“As the parent of a victim, I know all too well the pain that comes from the FBI’s persistent failure to investigate, and DOJ’s routine failures to prosecute. Indian Nations need to stand together and keep on fighting for what is right for our people. The MMIW crisis is real and is happening on a daily basis, local, state and federal need to be on the same page so our families don’t have to wonder why nothing is being done! The Fort Belknap Indian Community applauds Senator Daines’ efforts to shine light on continuing federal failures to protect Native American victims and families and to create real and lasting change that creates accountability and transparency and gets Indian Country law enforcement the resources we desperately need to keep our people safe and achieve justice for our missing and murdered relatives.” – President Stiffarm, Fort Belknap

“On behalf of the MT MIP Task Force and the CSKT MMIP Work Group, I would like to express our deepest gratitude to both Senator Tester and Senator Daines for co-sponsoring a resolution recognizing May 5th as National Day of Awareness for MMIW. It is so important for all of us to continue working together to address this crisis, to support those families who are currently struggling with the loss of a missing loved one and to remember all of those who have been found murdered.” – Ellie Bundy, CSKT Tribal Council Treasurer, Presiding Officer of MT MIP Task Force & CSKT MMIP Work Group Member

“The National Day of Awareness for Missing and Murdered Indigenous Women and Girls (MMIWG) provides a process for public healing and accountability. May 5 was the birthday of Hanna Harris, a 21 year-old Northern Cheyenne woman who disappeared from her home in Lame Deer, Montana in 2013. On this day, we honor Hanna and the countless American Indian, Alaska Native, and Native Hawaiian women and girls who have been murdered or have gone missing, as well as the families and communities who continue to seek justice. The National Indigenous Women’s Resource Center (NIWRC) applauds the designation of May 5, 2022 as the National Day of Awareness for MMIWG and we thank Senator Daines and Senator Tester for their efforts to bring attention to this crisis. We call on the world to organize for systemic change at the local, Tribal, state, national, and international levels to put an end to this violence.” – Lucy R. Simpson, Executive Director, National Indigenous Women’s Resource Center (NIWRC)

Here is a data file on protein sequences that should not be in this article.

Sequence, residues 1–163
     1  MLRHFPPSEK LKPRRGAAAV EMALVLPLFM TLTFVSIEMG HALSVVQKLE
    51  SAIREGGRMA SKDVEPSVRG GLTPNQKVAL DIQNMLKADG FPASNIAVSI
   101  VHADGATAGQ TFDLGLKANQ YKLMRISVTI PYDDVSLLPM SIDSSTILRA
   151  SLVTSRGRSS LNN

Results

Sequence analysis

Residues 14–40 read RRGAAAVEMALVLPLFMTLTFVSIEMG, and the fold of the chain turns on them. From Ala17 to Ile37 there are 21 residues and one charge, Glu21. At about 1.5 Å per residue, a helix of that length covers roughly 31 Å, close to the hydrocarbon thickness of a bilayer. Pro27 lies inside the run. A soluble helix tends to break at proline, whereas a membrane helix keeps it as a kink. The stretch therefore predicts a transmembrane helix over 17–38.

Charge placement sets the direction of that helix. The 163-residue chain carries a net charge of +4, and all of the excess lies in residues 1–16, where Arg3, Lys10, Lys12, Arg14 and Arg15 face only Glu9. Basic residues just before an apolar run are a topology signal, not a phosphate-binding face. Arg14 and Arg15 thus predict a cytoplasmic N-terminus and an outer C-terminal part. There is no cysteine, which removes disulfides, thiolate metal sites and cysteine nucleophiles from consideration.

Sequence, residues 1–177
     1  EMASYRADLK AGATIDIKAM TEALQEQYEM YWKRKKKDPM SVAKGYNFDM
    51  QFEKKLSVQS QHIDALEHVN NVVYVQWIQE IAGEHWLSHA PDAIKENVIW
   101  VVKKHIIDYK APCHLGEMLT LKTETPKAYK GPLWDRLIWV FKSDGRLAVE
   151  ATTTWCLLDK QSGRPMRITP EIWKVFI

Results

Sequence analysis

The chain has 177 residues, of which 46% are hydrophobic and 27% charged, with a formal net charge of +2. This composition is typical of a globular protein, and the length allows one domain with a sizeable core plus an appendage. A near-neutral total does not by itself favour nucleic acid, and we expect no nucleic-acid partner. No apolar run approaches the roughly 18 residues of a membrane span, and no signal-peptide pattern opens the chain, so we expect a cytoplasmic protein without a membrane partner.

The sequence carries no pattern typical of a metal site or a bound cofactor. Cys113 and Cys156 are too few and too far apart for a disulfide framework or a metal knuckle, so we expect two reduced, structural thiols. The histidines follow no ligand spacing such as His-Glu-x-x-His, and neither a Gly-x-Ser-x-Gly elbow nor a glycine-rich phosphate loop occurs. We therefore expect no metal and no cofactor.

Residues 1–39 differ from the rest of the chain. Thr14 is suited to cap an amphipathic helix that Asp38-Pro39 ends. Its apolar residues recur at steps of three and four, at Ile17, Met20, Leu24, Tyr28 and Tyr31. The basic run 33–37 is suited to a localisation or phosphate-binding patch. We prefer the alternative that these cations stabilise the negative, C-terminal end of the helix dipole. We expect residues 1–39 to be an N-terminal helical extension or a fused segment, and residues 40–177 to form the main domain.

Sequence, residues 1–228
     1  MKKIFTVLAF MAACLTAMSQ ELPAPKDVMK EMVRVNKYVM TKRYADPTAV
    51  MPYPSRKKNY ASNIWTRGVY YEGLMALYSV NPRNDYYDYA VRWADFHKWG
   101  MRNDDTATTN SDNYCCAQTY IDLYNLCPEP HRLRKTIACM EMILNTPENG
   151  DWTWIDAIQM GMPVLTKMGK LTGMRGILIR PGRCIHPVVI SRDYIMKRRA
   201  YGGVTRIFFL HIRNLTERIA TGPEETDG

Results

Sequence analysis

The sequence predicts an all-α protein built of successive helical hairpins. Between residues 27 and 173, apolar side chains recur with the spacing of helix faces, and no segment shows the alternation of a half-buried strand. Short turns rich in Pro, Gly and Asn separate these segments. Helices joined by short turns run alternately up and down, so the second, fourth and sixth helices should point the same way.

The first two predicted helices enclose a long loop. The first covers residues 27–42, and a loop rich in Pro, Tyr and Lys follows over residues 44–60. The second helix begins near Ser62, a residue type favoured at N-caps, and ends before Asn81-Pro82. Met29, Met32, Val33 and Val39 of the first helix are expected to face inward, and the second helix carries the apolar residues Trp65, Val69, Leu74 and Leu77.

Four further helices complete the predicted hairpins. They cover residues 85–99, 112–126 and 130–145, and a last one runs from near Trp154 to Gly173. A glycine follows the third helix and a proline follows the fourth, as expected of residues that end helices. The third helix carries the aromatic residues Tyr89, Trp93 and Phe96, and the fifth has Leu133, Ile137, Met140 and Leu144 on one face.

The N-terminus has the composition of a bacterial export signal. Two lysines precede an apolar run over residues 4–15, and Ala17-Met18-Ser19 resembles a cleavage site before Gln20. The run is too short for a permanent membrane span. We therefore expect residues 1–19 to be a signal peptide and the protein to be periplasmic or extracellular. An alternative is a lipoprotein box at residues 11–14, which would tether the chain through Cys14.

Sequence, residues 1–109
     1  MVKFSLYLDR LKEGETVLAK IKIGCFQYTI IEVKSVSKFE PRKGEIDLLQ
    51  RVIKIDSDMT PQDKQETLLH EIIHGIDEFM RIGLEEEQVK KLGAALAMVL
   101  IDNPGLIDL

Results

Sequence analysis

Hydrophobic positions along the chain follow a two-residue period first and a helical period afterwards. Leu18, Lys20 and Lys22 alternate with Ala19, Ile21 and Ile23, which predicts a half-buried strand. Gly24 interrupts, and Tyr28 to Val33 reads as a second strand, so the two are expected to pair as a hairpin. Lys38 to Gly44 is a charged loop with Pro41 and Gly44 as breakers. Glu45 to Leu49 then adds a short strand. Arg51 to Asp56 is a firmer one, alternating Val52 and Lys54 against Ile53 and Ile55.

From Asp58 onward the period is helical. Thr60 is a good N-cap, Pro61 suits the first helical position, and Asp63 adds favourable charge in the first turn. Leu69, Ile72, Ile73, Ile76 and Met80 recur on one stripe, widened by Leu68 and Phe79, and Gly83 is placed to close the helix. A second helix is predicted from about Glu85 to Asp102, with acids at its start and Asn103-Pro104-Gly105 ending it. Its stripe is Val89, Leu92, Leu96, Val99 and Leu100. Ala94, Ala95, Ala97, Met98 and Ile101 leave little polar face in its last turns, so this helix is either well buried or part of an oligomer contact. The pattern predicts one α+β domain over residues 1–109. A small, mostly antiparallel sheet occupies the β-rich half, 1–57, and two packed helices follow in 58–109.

“May 5 is an important day for all of Indian Country and is especially so for the Tribal people of Montana.  I have always taken any opportunity I can to let others that advancements of MMIW/P were initiated in Montana.  This is because of the efforts of the Tribal Nations and the grass roots families and friends of the victims of MMIW/P to educate our lawmakers and the receptiveness of Senators Jon Tester and Steve Daines culminating legislation and changes in policy.”  – Jean BearCrane, Executive Director, Montana Native Women’s Coalition (MNWC)



Contact: Rachel Dumke,  Katie Schoettler